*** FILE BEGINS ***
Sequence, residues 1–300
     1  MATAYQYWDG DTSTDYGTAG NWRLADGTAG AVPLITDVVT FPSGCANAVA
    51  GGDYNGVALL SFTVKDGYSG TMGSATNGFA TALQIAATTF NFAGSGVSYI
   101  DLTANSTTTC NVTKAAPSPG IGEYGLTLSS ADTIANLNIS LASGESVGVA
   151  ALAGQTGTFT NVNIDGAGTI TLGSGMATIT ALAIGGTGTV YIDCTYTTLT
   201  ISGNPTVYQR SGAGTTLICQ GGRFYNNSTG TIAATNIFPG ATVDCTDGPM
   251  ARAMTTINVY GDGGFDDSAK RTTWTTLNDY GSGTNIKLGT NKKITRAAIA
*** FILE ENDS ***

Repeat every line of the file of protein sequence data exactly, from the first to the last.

Sequence, residues 1–300
     1  MATAYQYWDG DTSTDYGTAG NWRLADGTAG AVPLITDVVT FPSGCANAVA
    51  GGDYNGVALL SFTVKDGYSG TMGSATNGFA TALQIAATTF NFAGSGVSYI
   101  DLTANSTTTC NVTKAAPSPG IGEYGLTLSS ADTIANLNIS LASGESVGVA
   151  ALAGQTGTFT NVNIDGAGTI TLGSGMATIT ALAIGGTGTV YIDCTYTTLT
   201  ISGNPTVYQR SGAGTTLICQ GGRFYNNSTG TIAATNIFPG ATVDCTDGPM
   251  ARAMTTINVY GDGGFDDSAK RTTWTTLNDY GSGTNIKLGT NKKITRAAIA